Thomas Hunt Morgan (September 25, 1866 – December 4, 1945) was an American evolutionary biologist, geneticist, embryologist, and science author who won the Nobel Prize in Physiology or Medicine in 1933 for discoveries elucidating the role that the chromosome plays in heredity.
The transition state of a chemical reaction is a particular configuration along the reaction coordinate.
In geometry, a triple helix (plural triple helices) is a set of three congruent geometrical helices with the same axis, differing by a translation along the axis.
Tritium (or; symbol or, also known as hydrogen-3) is a radioactive isotope of hydrogen.
Unitarian Universalism (UU) is a liberal religion characterized by a "free and responsible search for truth and meaning".
The United States Department of State (DOS), often referred to as the State Department, is the United States federal executive department that advises the President and represents the country in international affairs and foreign policy issues.
The United States Postal Service (USPS; also known as the Post Office, U.S. Mail, or Postal Service) is an independent agency of the United States federal government responsible for providing postal service in the United States, including its insular areas and associated states.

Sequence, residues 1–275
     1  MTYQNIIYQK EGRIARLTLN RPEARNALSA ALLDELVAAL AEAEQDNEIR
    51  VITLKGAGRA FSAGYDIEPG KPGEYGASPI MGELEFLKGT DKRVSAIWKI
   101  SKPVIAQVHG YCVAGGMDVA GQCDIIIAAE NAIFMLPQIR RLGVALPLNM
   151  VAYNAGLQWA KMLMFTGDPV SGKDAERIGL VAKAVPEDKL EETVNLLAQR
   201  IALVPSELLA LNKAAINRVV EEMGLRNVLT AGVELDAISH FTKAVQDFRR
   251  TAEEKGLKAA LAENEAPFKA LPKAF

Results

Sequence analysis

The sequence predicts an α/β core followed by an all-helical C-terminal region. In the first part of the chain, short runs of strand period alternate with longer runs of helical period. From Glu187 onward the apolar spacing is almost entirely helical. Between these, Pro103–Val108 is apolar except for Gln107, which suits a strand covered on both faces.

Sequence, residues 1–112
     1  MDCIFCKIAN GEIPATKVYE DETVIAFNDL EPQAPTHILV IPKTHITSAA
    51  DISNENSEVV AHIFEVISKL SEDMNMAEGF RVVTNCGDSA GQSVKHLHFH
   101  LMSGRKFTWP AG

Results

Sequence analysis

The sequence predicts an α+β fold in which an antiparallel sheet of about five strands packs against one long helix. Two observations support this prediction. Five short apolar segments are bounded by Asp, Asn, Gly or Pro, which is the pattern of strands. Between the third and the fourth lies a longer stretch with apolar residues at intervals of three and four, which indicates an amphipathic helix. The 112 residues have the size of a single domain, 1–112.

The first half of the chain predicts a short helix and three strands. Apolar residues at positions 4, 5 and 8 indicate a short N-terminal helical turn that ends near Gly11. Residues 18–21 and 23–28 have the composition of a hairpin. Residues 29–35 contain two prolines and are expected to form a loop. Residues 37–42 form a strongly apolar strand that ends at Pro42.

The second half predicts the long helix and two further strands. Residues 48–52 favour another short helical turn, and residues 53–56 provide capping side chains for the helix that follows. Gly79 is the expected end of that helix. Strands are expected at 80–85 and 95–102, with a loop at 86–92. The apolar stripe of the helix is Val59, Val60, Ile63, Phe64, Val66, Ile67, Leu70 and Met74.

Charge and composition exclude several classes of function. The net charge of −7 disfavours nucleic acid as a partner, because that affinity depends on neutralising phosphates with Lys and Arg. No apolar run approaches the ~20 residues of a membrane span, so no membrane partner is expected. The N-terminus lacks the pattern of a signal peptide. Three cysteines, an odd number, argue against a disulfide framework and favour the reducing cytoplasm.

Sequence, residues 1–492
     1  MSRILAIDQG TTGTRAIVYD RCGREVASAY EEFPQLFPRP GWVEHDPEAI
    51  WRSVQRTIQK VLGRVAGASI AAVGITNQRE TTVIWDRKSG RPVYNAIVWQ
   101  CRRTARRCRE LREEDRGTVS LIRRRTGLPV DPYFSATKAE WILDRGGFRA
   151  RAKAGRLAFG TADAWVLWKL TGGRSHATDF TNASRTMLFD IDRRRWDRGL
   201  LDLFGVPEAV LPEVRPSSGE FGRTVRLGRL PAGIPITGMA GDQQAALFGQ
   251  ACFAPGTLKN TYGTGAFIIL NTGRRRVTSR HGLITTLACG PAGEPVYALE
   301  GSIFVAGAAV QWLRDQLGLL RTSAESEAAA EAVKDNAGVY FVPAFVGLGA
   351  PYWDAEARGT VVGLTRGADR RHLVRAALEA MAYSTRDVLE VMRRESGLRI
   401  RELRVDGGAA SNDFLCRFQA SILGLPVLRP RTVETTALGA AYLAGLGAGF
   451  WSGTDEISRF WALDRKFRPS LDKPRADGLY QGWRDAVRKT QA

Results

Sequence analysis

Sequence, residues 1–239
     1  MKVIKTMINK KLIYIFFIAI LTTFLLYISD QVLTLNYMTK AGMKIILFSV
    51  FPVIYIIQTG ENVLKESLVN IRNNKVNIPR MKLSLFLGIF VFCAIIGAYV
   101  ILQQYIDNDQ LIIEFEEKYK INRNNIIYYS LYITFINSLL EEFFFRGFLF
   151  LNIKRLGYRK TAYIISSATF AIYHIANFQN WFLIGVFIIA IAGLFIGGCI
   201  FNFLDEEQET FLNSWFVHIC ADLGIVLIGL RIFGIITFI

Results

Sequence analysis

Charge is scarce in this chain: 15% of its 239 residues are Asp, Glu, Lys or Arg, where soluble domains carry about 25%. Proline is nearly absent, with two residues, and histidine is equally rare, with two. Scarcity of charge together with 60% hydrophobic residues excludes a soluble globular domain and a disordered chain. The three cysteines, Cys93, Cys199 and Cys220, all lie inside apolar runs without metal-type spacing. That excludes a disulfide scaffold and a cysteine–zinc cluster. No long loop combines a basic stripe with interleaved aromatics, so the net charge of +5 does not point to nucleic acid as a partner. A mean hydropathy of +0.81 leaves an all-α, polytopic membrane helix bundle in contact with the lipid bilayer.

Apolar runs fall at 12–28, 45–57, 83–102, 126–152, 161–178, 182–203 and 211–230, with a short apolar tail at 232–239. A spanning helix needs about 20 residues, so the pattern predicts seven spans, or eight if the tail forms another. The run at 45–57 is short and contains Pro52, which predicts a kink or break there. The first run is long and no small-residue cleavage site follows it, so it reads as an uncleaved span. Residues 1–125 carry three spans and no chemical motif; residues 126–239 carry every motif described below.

The United States Senate is the upper chamber of the United States Congress, which along with the United States House of Representatives—the lower chamber—comprise the legislature of the United States.
The Special Subcommittee to Investigate the Administration of the Internal Security Act and Other Internal Security Laws, 1951–77, more commonly known as the Senate Internal Security Subcommittee (SISS) and sometimes the McCarran Committee, was authorized under S. 366, approved December 21, 1950, to study and investigate (1) the administration, operation, and enforcement of the Internal Security Act of 1950 (also known as the McCarran Act) and other laws relating to espionage, sabotage, and the protection of the internal security of the United States and (2) the extent, nature, and effects of subversive activities in the United States "including, but not limited to, espionage, sabotage, and infiltration of persons who are or may be under the domination of the foreign government or organization controlling the world Communist movement or any movement seeking to overthrow the Government of the United States by force and violence".